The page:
'The internet's fantastic, but kids must stay safe' - Safer Internet Day marked by police and schools including Clifton's Samuel Whitbread Academy

PUBLISHED: 07:02 10 February 2017

Beds police cadets mark Safer Internet Day.

Beds police cadets mark Safer Internet Day.


Parents should speak to their children about staying safe online - that's the message from police in a world where kids can be groomed by adults without ever meeting them.

Beds police young people development officer Richard Denton and Samuel Whitbread Academy head Nick Martin.Beds police young people development officer Richard Denton and Samuel Whitbread Academy head Nick Martin.

Apps such as MyLol and Yellow allow users to virtually interact with people worldwide, and are marketed at teenagers – but with no age verification process, adult predators can use them to prey on young people.

And DCI Emma James of Bedfordshire Police has urged parents to strike up the conversation this week, in the spirit of Safer Internet Day – an annual event that took place on Tuesday.

“We know that it is not uncommon for people to use apps designed for teenagers to specifically target young people and groom them online, which is why we’re urging parents to strike up a conversation with their children,” said DCI James.

“Speak to your children about the websites and apps that they are using and set some ground rules with them, as well as checking their privacy settings and the age restrictions on the social media sites they use. Explain the possible consequences of talking to strangers online, and the importance of keeping personal information private.”

The force’s schools and young person development co-ordinator Richard Denton spoke at schools including Clifton’s Samuel Whitbread Academy, where he hosted about 100 parents and guardians at a cyber safety evening.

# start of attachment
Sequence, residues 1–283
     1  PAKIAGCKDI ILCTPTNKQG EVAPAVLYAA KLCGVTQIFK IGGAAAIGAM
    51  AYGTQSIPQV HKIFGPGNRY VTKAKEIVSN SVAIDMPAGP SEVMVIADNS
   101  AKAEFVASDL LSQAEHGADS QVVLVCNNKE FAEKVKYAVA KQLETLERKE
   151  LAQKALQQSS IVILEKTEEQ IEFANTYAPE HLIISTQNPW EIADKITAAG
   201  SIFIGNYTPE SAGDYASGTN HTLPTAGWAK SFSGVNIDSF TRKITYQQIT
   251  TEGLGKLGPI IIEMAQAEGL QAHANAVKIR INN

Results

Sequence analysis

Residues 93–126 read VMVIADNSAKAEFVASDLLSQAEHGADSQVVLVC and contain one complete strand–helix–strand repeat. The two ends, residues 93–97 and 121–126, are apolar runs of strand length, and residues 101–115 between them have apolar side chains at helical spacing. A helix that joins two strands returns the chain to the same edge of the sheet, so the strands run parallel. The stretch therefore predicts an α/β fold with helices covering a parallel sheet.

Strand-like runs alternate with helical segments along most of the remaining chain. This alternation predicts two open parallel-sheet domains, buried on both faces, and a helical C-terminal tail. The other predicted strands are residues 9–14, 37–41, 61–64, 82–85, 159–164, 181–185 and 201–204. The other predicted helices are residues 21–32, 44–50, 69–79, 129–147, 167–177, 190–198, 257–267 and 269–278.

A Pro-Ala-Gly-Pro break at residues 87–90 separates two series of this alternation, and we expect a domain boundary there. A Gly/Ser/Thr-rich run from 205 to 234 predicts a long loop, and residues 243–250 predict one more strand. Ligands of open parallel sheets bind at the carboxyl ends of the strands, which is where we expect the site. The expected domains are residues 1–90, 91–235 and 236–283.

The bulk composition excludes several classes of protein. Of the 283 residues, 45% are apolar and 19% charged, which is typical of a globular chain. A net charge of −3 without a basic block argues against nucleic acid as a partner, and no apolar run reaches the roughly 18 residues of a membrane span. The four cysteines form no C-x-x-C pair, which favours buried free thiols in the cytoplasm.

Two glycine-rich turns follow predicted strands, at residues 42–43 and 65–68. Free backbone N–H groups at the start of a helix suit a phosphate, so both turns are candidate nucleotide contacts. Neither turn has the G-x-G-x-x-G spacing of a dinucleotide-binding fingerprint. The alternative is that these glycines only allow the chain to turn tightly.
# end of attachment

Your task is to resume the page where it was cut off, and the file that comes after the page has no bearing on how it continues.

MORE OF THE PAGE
He discussed the best ways to protect children from issues like cyber bullying, sexting and online grooming. Richard said: “With the ever-changing digital world, it’s absolutely vital that parents and guardians know what to discuss with their children about online activity and simple steps that they can take to help keep them safe.

“The internet is a fantastic invention, but it’s important that children are aware of the potential consequences of what they do online and feel confident in reporting anything that they feel is inappropriate.”

Samuel Whitbread principal Nick Marin added: “Keeping yourself safe online is such an important skill for young people these days and we do a lot within school to ensure that our students get the best possible and most up-to-date advice from experts in this area.

“As part of our holistic approach to safeguarding we also like to ensure that parents are well informed on these matters and yesterday’s event and our partnership with Bedfordshire Police is a good example of our continued efforts to keep children safe.”

Find out more about online safety at nspcc.org.uk/shareaware.

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